Monday, August 22, 2011

A Year Down Yonder, by Richard Peck [2001]

My Rating: 7/10

Quick Summary: It's the Depression, and 15 year old Mary Alice Dowdel's parents can't afford to keep her, so she goes to live with her rather colorful grandmother in the country.  The sequel to A Long Way from Chicago.

Whoops, it's been awhile- I got a little caught up in other things.  I actually finished this one a week or two ago, but was having trouble figuring out what I wanted to say about it.

Color me shocked- as mentioned above, A Year Down Yonder is set in the 1930s.  I should really start a running tally of all the Newbery books that are period pieces (although it would be easier to count the ones that aren't).  Instant Newbery- just add history!

I actually quite liked this one, and its prequel.  Grandma Dowdel is a delightful character, especially viewed from the perspective of her grandchildren (Joey in the first book, and Mary Alice in this one).  The books are quite fun, and frequently heartwarming without being saccharine.  The stories have a sort of ageless quality about them that meant that I enjoyed reading them without feeling like they weren't meant for children.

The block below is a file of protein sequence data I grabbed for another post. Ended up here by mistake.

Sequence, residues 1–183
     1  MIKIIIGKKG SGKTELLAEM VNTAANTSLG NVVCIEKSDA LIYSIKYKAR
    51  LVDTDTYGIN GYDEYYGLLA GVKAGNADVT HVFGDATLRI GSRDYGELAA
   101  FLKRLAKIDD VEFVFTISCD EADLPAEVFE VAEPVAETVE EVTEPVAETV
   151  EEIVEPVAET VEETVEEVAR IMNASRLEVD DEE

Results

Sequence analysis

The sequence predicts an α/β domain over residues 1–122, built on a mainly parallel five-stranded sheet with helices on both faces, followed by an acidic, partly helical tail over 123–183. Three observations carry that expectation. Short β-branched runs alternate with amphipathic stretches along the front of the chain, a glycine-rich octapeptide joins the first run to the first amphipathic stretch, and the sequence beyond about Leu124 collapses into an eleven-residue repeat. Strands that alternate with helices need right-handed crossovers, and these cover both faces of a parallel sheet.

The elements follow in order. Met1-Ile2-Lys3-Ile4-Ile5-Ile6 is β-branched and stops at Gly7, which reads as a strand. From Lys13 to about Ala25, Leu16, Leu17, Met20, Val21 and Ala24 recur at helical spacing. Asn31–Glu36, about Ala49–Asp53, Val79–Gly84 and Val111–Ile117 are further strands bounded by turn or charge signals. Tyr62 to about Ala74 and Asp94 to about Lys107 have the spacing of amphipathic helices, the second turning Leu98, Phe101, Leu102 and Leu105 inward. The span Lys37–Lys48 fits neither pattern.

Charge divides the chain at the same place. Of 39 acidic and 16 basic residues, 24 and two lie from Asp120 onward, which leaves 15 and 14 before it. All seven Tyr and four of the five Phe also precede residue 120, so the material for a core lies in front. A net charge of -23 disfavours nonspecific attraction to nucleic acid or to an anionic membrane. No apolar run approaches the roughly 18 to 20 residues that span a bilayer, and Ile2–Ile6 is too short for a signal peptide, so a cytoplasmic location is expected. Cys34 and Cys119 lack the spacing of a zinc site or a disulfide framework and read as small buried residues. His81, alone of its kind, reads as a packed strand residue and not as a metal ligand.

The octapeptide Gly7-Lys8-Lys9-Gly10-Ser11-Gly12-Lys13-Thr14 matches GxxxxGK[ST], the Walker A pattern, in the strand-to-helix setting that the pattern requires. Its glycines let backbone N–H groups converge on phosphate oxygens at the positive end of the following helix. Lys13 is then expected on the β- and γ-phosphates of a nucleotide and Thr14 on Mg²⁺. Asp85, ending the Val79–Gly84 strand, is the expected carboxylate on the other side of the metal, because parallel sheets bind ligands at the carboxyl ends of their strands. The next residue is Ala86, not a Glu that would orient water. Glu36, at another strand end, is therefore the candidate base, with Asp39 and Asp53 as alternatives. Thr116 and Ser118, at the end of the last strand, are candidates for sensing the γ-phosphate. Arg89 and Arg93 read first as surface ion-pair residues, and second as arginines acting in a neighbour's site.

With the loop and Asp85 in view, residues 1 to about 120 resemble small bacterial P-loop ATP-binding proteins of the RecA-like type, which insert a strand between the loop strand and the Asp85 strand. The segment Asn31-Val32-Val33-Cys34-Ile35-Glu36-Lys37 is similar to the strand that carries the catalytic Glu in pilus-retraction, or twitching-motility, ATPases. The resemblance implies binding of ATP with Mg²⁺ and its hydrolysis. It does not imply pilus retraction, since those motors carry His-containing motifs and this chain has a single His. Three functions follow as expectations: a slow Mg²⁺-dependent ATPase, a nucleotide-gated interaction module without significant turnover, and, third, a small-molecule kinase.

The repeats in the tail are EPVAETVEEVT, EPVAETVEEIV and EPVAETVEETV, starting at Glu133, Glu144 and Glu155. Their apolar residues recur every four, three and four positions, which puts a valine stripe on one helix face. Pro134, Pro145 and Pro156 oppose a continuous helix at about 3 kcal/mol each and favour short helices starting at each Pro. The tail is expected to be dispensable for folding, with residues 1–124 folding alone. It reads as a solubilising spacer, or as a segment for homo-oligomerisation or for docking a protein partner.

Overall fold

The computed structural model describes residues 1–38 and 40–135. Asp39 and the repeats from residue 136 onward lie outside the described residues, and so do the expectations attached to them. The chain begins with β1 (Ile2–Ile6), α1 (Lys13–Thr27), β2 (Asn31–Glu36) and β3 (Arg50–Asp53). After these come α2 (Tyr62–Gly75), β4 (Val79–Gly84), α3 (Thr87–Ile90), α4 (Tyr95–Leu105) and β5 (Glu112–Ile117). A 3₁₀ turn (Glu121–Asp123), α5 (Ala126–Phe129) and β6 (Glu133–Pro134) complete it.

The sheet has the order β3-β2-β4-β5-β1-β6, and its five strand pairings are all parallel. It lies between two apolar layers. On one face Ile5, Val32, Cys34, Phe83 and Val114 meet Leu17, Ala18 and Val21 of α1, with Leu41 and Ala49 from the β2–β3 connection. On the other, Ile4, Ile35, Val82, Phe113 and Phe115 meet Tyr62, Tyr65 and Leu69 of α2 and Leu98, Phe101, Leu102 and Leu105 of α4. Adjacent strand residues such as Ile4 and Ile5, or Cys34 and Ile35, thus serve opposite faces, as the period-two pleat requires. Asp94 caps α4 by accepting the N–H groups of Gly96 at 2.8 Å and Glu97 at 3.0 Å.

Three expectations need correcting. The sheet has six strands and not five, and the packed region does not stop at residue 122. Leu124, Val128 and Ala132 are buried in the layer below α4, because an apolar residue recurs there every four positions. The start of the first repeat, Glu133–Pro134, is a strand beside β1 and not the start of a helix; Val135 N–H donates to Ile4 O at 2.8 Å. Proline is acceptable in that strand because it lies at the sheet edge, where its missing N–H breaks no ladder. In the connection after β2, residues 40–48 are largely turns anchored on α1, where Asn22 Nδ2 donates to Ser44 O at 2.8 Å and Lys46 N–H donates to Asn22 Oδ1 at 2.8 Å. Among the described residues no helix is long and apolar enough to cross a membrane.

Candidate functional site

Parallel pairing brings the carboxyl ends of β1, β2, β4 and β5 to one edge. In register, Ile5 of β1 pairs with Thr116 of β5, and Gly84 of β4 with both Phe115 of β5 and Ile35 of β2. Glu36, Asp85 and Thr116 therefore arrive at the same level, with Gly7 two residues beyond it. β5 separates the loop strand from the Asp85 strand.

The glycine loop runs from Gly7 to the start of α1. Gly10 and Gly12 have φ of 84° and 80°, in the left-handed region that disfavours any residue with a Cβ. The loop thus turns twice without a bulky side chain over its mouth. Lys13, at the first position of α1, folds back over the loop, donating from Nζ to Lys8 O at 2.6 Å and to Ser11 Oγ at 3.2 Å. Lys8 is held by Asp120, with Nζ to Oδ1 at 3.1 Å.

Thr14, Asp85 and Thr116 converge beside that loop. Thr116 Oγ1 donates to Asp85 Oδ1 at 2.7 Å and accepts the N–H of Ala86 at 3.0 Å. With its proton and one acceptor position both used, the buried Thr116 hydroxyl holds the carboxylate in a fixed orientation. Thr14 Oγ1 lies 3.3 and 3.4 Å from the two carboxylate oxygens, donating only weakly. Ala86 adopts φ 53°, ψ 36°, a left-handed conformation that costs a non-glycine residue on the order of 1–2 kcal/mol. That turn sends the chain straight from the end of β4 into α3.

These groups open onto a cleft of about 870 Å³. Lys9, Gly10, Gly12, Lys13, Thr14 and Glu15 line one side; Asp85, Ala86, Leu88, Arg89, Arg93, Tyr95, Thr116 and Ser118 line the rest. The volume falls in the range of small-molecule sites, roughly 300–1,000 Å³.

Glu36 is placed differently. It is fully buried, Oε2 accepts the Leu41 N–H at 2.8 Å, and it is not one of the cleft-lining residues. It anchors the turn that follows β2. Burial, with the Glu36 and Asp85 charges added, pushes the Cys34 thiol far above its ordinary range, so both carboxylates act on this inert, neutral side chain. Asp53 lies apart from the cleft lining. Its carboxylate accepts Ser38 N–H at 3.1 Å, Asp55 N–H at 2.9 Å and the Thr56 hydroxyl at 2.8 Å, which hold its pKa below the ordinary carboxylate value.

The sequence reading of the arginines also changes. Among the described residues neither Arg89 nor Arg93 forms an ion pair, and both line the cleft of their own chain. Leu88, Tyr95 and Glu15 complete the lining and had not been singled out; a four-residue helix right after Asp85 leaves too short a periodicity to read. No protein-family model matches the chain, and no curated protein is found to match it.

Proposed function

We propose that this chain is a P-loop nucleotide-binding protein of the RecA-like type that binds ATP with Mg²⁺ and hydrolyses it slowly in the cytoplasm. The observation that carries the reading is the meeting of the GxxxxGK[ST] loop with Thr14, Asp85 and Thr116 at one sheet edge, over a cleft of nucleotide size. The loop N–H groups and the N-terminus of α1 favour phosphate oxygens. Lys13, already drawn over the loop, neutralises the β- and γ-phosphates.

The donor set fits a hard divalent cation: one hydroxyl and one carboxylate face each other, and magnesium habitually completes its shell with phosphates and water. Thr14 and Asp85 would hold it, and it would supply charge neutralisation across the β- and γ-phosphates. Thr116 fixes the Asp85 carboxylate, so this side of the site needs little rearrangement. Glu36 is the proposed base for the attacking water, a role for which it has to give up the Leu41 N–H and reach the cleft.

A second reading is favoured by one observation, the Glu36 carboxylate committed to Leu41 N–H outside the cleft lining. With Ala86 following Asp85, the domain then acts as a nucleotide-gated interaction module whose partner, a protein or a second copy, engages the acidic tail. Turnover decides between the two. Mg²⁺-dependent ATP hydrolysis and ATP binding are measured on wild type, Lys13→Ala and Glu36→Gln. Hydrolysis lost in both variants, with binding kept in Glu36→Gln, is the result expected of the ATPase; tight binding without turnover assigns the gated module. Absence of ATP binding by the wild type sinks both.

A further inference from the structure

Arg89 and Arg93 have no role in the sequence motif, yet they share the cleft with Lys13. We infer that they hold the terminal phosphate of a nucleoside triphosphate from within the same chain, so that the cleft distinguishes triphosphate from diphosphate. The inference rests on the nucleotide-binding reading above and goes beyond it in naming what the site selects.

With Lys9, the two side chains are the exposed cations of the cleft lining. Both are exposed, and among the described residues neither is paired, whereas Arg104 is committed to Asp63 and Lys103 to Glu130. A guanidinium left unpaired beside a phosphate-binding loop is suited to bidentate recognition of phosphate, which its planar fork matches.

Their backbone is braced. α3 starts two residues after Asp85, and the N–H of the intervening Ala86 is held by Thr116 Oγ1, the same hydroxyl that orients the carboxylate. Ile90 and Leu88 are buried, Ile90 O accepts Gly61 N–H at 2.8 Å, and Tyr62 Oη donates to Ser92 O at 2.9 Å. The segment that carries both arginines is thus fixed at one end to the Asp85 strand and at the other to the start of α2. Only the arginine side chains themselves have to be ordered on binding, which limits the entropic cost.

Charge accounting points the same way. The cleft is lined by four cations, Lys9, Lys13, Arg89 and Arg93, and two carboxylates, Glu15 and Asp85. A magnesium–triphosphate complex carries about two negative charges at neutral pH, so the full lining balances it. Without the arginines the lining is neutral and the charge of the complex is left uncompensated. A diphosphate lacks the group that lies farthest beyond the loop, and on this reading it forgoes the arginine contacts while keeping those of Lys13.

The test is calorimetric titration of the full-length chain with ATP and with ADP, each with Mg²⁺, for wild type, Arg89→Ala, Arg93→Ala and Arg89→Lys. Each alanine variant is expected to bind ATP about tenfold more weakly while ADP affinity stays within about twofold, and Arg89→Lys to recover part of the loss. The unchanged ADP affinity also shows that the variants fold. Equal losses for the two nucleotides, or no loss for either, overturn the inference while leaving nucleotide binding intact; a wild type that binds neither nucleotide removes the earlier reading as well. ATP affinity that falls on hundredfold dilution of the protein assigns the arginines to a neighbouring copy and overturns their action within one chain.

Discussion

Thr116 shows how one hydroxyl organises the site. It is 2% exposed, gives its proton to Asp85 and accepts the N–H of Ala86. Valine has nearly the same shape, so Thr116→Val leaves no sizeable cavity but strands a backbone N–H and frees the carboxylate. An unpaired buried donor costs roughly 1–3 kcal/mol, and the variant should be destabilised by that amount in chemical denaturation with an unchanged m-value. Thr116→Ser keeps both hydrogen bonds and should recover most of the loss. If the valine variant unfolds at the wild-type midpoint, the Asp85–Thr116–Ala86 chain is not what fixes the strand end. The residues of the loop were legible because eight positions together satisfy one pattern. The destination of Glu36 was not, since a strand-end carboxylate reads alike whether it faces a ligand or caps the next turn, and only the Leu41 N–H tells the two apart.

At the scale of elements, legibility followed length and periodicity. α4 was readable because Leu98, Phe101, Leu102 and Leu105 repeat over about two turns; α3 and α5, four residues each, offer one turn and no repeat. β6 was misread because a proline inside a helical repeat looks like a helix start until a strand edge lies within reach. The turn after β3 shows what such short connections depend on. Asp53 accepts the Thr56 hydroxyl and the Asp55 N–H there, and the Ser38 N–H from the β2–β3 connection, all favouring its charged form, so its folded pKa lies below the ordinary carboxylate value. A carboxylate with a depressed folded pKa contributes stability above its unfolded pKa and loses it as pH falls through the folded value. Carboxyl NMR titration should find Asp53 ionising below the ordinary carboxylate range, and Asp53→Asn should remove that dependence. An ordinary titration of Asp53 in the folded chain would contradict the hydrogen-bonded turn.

I think my biggest critique would be the fact that the book is anecdotal rather than plot-driven- it feels more like a collection of interconnected short stories, rather than one novel.  (Though A Year Down Yonder suffers from this slightly less than A Long Way from Chicago.)  I can imagine that this would actually make it an ideal read-aloud book for a class, however.

It's funny, I didn't recognize author Richard Peck's name until I read his flap copy bio, and saw that he was the man who wrote Ghosts I Have Been, which I read during my R.L. Stine/Christpher Pike/et al supernatural kick around age 10.  I guess I shouldn't be so surprised- Ghosts I Have Been was also historical, and had a lot of the same sort of humor, but on the surface, the books seem so very disparate... ah well.  Good on Peck, anyway.

This is exactly the sort of book that tends to win the Newbery Medal without a lot of argument- it could have been a winner from 20 years ago, or 40, or 60.  The flip side of that, though, is that there isn't anything about this book that makes it particularly relevant for the present- it's a historical book about white bread characters, which means that a lot of kids would find it rather exclusionary.

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